Jenn Spiess of TechKNOW pointed out this article, “Reflection in an Always-on Environment: Has It Been Turned OFF?”, by Helen Chen. It comes out of Stanford University. The author states that the learning environment that students reside in is one that is characterized by multitasking, visual orientation, immediate gratification, and parallel processing. This environment may lend itself to students who are left with only their reactions instead of their reflections. The importance of building reflection and critical thinking into the learning process was emphasized. The author points out how it is not just a matter of providing time to reflect, but recognizing that reflection for the purpose of learning is a skill that needs to be taught, possibly through an apprenticeship model. This is where blogs can shine.

Barbara Ganley’s blog and her student blogs are pointed out as a great model for asking students to make their thoughts public and open to commentary. The author highlights how Barbara realized that as an instructor she needed to engage in the same activities and risks she was asking her students to take. She blogged herself and through the blogging both faculty and students have reflective thinking and community building built through “blogging-as-conversation” rather than just “blogging-as-monologue.” The article mentioned other strategies such as e-portfolios.

First, it was great to see Barbara’s good work recognized. Then having an article talk about the reflection process was of great interest to me. The article got me thinking more about ways of teaching reflective thinking skills and how to write those reflections. I have used comment starters to help students dig a little deeper into their thinking and writing. This helped my students think about their responses in a different manner. See my list here and here.

I didn’t require this, just suggested that they “bump up” their responses to the comments and begin to think about them in new ways, ways to help us learn. Then I invited them to share other ideas for comment starters and ways to reflect. Then we’d take the time to discuss where the reflections were leading or changing our thinking. Another thing I do is have the students strive to end a post with a thought-provoking question. The question should be one that will make their reader think about what they have written and add to the conversation. I steer them away from questions that require just a yes or no. I walk a fine line between intruding on their writing so that their voice remains. I try to watch that carefully and not control but suggest and guide so that the student will think. At the elementary level a teacher has to really work at getting them free of trying to come up with a response that is authentic and not what I (as the teacher) wants but what they want. You have to allow time for them to think about all this. I’m teaching though and inviting them to discover new ways of communicating and learning. Blogging in our classrooms is not just a matter of letting them write with no feedback. We have to teach and I find that daily I am redefining and thinking about my teaching and learning.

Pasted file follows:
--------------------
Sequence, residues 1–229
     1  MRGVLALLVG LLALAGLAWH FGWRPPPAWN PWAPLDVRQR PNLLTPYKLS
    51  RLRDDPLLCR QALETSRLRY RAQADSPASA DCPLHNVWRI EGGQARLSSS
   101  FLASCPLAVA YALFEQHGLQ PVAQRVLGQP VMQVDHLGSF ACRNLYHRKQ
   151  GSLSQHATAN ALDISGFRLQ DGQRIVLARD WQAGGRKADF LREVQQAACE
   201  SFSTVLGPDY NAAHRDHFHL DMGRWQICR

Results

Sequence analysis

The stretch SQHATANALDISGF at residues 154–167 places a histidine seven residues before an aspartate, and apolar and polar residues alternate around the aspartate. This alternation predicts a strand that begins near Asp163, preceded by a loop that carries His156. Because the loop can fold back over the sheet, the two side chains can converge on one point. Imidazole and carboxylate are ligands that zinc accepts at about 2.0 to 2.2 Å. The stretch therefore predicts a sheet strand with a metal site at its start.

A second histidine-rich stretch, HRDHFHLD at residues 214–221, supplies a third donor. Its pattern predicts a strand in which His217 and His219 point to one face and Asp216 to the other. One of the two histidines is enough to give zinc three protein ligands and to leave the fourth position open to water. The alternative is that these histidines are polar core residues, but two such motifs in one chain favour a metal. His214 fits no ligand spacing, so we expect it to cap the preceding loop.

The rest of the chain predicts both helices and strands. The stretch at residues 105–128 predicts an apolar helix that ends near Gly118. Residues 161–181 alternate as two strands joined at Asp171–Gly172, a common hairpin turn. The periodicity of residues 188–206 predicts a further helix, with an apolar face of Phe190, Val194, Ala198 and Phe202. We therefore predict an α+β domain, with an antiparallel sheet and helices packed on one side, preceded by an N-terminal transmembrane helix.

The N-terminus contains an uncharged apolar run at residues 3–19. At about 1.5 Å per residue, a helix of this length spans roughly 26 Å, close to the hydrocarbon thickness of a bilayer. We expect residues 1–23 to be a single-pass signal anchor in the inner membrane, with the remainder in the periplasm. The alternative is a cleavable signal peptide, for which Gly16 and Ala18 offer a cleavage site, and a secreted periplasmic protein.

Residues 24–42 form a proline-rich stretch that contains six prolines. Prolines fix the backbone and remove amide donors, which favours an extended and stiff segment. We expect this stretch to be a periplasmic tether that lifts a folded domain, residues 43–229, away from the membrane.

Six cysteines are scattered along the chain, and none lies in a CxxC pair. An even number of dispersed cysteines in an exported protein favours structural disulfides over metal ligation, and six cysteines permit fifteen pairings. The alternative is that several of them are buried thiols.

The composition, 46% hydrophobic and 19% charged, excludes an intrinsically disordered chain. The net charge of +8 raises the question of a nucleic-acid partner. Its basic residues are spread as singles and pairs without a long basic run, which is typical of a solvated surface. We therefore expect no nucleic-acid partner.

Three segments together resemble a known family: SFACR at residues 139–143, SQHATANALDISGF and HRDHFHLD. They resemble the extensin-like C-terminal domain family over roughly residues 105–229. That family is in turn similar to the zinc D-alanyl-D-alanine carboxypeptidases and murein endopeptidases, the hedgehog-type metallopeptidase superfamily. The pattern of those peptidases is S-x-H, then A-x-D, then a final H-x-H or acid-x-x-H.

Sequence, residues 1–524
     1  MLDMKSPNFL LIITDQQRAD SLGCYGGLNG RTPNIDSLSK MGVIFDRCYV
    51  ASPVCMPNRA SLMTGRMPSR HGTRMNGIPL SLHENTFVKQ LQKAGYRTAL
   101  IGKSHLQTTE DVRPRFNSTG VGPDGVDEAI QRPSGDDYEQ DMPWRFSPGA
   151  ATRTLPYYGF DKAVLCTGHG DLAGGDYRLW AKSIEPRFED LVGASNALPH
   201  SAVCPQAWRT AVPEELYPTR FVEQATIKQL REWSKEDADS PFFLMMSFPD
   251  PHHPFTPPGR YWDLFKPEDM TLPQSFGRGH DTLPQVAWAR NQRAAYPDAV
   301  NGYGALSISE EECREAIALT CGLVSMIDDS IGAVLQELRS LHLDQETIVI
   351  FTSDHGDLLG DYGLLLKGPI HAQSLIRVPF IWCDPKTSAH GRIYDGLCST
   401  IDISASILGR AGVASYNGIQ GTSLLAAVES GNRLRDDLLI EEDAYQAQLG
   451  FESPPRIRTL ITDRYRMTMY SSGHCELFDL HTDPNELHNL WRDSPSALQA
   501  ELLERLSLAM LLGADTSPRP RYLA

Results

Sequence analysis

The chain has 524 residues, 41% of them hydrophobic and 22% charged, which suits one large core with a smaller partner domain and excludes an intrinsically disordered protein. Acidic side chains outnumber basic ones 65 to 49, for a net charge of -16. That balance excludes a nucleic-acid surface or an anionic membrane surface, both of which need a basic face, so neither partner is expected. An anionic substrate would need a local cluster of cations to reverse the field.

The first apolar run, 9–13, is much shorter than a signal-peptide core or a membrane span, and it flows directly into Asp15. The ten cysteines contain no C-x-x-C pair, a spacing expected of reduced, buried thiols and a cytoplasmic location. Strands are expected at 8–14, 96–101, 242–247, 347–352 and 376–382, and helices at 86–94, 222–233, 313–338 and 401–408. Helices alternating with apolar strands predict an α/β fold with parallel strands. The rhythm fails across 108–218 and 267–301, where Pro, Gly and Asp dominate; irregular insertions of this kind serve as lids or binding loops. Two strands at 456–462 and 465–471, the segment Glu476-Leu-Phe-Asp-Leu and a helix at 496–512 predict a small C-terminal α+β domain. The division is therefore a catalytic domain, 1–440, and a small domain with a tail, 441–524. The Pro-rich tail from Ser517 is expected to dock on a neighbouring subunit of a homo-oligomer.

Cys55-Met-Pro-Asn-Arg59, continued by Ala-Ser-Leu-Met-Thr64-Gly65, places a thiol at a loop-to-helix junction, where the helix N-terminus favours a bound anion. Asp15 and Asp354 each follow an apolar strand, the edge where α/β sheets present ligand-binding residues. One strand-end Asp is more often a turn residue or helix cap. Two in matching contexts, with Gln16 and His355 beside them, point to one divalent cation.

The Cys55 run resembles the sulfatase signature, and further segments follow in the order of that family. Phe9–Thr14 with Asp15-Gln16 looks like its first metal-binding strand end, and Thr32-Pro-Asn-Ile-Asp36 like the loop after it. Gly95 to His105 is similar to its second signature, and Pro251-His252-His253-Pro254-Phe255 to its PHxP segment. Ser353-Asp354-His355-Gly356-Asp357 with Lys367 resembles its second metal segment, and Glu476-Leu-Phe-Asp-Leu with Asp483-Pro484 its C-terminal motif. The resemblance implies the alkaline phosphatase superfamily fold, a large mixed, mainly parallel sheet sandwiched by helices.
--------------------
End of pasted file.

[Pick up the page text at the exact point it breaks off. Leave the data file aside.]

Darren has his posts on “blogging on blogging” and “blogging prompts”. See his “Scribes and Chat” and “The Scribe Post”.These posts are all about the student voices on what they are learning and Darren’s take on the process. It is excellent. I know we have lots more samples out there. We need to give more thought to ways we can help the students reflect instead of just react. Then blog about it!

Thanks Jenn, not only did you send some wiki examples but this post pointed me to an article that got me really thinking and reflecting. I love this blogging world…..